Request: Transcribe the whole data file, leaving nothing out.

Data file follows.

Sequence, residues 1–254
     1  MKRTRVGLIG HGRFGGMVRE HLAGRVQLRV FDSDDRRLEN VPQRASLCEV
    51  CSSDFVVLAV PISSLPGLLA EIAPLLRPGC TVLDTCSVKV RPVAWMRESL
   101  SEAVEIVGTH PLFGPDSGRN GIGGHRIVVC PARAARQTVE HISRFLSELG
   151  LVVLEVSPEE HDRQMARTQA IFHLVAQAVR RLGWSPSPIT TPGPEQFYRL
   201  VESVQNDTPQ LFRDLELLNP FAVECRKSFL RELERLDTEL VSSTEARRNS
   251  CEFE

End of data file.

Sequence, residues 1–254
     1  MKRTRVGLIG HGRFGGMVRE HLAGRVQLRV FDSDDRRLEN VPQRASLCEV
    51  CSSDFVVLAV PISSLPGLLA EIAPLLRPGC TVLDTCSVKV RPVAWMRESL
   101  SEAVEIVGTH PLFGPDSGRN GIGGHRIVVC PARAARQTVE HISRFLSELG
   151  LVVLEVSPEE HDRQMARTQA IFHLVAQAVR RLGWSPSPIT TPGPEQFYRL
   201  VESVQNDTPQ LFRDLELLNP FAVECRKSFL RELERLDTEL VSSTEARRNS
   251  CEFE